Wilson Middle School Choir Brings Holiday Cheer to Fox Chase Cancer Center
PHILADELPHIA (December 21, 1999) -- Holiday songs by the Wilson Middle School Wildcats Choir rang through the halls of Fox Chase Cancer Center, delighting patients, their families and Fox Chase staff.
The choir, named after their school mascot, began caroling in the outpatient area and then visited the department of radiation oncology and various nursing floors of the hospital. Each musical selection ended with warm smiles and resounding applause for the seventh and eighth grade students.
"Everyone just loved the choir's performance. This was a special holiday treat for us at Fox Chase and the students really seemed to enjoy their visit too," said Kathie Reed-McKain, Director of Volunteer Services at Fox Chase who helped coordinate the students' visit.
The 35-member choir was formed last year with the help of Elizabeth McAnally, a music teacher at Wilson Middle School and the choir's director. The choir's vision and primary goal is to use their music to provide a service to the community. Fifteen members of the choir came to sing at Fox Chase. The visit was the choir's community-service debut. They plan to visit nursing homes in the spring.
"The students have been rehearsing eight holiday songs since October," said McAnally. "They will learn at least 10 songs for 'golden oldies' performances at the nursing homes."
The Wilson Middle School at Cottman and Loretto Ave., Northeast Philadelphia, is one of Fox Chase's adopted schools. The Adopted School Program, initiated by the Board of Education, began about five years ago and gives organizations the opportunity to adopt schools in their community. The program enhances education by giving students opportunities for learning that they might not otherwise have. For example, at Fox Chase, students may visit a scientific laboratory or listen to a presentation by a Fox Chase staff member. The Center may also participate in the school's career day.
Wilson Middle School has five full-time music teachers and two choirs. The school has an established community system for learning, whereby students can concentrate sections of their education according to specific areas of interest.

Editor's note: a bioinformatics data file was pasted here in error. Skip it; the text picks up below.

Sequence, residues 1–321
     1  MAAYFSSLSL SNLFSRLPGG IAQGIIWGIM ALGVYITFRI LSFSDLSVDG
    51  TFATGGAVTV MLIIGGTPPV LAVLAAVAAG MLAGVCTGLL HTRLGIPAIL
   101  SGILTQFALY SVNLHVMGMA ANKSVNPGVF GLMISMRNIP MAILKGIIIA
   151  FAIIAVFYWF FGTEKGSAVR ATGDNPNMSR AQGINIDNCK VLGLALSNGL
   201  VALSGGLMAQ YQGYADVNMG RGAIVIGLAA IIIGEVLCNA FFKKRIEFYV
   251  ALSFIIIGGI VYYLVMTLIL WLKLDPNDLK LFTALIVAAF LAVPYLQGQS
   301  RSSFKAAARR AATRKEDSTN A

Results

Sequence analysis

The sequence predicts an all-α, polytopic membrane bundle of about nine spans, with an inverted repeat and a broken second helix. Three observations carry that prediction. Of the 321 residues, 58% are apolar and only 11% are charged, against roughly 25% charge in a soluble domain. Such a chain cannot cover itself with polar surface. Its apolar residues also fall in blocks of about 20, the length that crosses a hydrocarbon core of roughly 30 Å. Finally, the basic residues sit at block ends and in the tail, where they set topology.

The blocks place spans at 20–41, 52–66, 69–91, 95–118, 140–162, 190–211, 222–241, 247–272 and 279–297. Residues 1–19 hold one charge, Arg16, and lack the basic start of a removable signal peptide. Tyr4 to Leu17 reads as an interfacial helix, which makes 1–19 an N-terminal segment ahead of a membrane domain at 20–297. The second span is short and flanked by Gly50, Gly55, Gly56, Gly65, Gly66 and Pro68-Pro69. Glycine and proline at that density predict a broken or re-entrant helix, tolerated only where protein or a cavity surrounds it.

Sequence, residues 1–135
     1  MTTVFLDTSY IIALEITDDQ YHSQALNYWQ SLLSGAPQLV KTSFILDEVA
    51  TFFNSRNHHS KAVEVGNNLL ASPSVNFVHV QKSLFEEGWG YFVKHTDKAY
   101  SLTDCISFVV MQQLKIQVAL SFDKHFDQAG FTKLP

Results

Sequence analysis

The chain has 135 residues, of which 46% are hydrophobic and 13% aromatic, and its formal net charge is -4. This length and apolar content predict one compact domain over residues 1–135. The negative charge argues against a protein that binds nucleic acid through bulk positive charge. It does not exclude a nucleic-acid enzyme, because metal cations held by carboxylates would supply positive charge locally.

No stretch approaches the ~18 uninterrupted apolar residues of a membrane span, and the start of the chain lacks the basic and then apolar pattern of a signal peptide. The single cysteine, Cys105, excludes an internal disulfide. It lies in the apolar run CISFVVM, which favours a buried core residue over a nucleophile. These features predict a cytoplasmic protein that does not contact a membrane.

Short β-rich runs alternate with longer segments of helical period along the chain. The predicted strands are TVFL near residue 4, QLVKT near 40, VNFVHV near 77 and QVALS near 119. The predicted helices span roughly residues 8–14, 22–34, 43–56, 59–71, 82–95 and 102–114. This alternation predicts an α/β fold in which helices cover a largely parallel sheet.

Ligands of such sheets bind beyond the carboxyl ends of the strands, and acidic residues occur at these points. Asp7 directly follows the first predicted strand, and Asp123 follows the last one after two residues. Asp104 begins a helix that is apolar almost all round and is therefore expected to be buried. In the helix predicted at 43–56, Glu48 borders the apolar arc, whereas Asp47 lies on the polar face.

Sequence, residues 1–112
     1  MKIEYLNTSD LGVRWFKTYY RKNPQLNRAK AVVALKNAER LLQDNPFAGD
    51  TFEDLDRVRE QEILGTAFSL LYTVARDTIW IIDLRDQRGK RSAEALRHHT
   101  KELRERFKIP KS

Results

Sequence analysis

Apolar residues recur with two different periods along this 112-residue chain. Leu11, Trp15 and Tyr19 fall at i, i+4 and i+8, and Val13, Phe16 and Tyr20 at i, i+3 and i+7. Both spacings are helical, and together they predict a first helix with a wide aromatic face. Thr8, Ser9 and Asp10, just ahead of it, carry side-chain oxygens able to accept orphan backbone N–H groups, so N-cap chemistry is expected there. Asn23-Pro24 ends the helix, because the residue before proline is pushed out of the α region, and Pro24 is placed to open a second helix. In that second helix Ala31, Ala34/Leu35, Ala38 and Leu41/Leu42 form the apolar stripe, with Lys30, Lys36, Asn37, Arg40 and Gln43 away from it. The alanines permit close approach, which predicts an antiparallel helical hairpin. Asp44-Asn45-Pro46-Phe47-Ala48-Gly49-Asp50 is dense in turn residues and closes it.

Traditionally, only students in the performing arts section would have had the opportunity to sing. When McAnally began teaching at the school, however, she asked the principal's permission to invite students from the other sections into the choir and, thus, began the Wilson Middle School Wildcats "community service" Choir.
Fox Chase Cancer Center is one of 37 National Cancer Institute-designated comprehensive cancer centers in the nation. The Center's activities include basic and clinical research; prevention, detection and treatment of cancer; and community outreach programs.
Fox Chase Cancer Center, part of the Temple University Health System, is one of the leading cancer research and treatment centers in the United States. Founded in 1904 in Philadelphia as one of the nation’s first cancer hospitals, Fox Chase was also among the first institutions to be designated a National Cancer Institute Comprehensive Cancer Center in 1974. Fox Chase researchers have won the highest awards in their fields, including two Nobel Prizes. Fox Chase physicians are also routinely recognized in national rankings, and the Center’s nursing program has received the Magnet recognition for excellence four consecutive times. Today, Fox Chase conducts a broad array of nationally competitive basic, translational, and clinical research, with special programs in cancer prevention, detection, survivorship, and community outreach. For more information, call 1-888-FOX CHASE or (1-888-369-2427).
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